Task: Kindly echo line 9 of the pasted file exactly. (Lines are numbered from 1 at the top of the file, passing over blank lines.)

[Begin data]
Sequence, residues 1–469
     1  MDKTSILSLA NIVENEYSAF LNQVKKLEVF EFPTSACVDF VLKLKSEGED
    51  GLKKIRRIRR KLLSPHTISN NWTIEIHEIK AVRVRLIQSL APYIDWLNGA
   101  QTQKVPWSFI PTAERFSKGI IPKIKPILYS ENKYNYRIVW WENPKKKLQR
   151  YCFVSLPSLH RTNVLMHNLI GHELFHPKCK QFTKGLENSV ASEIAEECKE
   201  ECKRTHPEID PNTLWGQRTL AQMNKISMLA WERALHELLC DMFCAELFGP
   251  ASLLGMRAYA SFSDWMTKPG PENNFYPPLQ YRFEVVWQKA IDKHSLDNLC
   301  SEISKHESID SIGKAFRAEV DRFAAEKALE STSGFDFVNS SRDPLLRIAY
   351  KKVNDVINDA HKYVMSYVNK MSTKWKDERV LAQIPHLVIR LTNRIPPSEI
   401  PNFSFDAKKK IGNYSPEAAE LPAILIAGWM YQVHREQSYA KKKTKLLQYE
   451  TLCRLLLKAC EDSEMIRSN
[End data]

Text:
   351  KKVNDVINDA HKYVMSYVNK MSTKWKDERV LAQIPHLVIR LTNRIPPSEI